Many North Carolina residents have benefitted from tobacco settlements. After all, the southeastern part of the nation is the seat of the nation's cigarette industry. Now, a new change to a civil suit against tobacco companies may change the way settlements are distributed among smoking's many victims. The family of a Boston woman will not receive the full $81 million in punitive damages awarded in a wrongful death suit related to tobacco use.
Official reports show the woman received free cigarette samples as a child. Her family will be permitted to keep the $35 million in compensatory damages in connection with the suit, but Massachusetts' high court will not permit the family to receive the $81 million in punitive damages that would have been rendered. A new trial has been ordered to decide punitive damages. The suit had been brought against a North Carolina-based cigarette manufacturer after the woman died in 2002 at age 54.
The woman argued through videotaped depositions she had received multiple free samples of cigarettes as she visited a playground near her house as a child. She became a regular smoker at the tender age of 13 because of these offerings. The woman ended up smoking more than a pack a day, attempting to quit more than 50 times before she died.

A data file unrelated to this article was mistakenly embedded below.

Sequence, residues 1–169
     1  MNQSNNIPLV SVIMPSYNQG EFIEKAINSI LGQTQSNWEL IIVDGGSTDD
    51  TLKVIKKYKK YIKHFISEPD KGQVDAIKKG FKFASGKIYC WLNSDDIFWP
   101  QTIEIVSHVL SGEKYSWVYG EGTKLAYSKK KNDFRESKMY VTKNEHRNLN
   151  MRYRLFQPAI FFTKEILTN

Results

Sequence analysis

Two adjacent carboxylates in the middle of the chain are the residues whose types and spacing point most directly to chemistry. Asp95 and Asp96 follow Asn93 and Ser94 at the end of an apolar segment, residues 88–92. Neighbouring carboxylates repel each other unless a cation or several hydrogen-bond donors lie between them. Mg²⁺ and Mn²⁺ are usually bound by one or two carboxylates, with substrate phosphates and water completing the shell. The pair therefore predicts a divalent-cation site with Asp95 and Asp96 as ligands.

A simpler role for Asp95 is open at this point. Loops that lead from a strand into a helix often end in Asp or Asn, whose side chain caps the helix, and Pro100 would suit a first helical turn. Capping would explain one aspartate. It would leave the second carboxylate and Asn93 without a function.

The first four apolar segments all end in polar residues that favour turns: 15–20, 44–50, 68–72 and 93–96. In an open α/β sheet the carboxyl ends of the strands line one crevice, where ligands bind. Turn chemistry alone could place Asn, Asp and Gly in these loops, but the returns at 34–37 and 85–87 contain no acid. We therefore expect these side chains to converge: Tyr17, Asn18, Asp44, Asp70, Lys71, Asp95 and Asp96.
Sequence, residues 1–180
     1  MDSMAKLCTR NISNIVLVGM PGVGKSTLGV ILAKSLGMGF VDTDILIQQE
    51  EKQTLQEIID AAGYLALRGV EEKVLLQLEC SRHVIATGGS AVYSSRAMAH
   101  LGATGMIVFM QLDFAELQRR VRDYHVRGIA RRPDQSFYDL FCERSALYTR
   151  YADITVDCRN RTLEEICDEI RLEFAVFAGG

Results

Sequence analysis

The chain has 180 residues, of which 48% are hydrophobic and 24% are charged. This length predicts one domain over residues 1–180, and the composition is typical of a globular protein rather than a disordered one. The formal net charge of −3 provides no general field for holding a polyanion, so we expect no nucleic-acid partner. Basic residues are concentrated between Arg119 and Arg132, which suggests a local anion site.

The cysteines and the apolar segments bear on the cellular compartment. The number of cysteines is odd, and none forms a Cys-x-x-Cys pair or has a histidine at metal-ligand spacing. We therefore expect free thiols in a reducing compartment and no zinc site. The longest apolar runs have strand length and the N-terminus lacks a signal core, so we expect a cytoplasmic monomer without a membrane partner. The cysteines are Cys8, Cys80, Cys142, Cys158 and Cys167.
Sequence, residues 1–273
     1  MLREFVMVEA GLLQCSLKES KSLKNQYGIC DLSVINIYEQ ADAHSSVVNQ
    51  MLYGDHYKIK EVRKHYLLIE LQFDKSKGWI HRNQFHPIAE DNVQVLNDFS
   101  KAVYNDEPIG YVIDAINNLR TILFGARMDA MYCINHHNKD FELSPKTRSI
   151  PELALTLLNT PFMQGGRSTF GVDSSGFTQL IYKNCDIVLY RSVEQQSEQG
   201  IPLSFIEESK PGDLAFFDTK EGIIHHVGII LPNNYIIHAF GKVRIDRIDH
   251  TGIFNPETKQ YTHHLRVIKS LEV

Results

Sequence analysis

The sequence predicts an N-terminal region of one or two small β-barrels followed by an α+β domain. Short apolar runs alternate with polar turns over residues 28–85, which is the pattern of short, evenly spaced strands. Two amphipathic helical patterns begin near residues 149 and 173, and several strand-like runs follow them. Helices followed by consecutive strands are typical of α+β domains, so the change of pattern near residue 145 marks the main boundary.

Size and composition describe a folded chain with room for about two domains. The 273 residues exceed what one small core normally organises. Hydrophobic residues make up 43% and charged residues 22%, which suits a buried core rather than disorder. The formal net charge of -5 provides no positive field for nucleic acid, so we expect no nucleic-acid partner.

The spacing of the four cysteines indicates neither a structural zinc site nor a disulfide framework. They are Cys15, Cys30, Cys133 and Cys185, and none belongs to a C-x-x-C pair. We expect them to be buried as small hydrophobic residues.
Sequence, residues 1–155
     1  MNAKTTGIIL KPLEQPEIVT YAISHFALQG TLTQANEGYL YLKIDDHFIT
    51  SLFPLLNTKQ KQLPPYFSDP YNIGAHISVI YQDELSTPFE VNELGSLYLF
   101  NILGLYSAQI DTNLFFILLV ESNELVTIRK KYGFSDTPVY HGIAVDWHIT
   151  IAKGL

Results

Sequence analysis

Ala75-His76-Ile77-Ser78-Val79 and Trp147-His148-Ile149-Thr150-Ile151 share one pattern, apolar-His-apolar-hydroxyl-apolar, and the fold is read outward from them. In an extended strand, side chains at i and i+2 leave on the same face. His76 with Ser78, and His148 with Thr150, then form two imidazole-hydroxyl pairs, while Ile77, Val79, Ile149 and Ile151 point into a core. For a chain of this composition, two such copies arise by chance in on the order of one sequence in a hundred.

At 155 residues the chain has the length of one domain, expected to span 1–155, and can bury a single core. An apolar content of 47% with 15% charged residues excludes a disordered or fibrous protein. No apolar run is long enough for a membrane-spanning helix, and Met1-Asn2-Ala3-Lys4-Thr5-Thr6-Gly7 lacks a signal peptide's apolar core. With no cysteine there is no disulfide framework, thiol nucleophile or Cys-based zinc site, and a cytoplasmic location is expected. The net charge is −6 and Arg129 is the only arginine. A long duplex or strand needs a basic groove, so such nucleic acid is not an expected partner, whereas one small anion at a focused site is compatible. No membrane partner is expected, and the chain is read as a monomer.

Court officials decided the jurors in the civil case had not received appropriate instructions about wrongful death theory when they made their decision. This wrongful death choice was based on accusations of negligence through design and marketing. The court also decided the woman's death was not caused by the cigarette company's negligence. The company is still attempting to appeal the decision regarding compensatory damages in the case.
Even though the court overturned a significant ruling in favor of the family, it appears that the victim's relatives will still receive a multimillion-dollar judgment in connection with the case. These benefits can pay for funeral expenses and attorneys' fees, along with other tangible costs. Punitive damages are designed as punishment for companies and individuals who are blatantly negligent in their actions.
Source: www.patriotledger.com, "Mass. court tosses half of $81 million judgment against tobacco company" Bridget Murphy, Jun. 11, 2013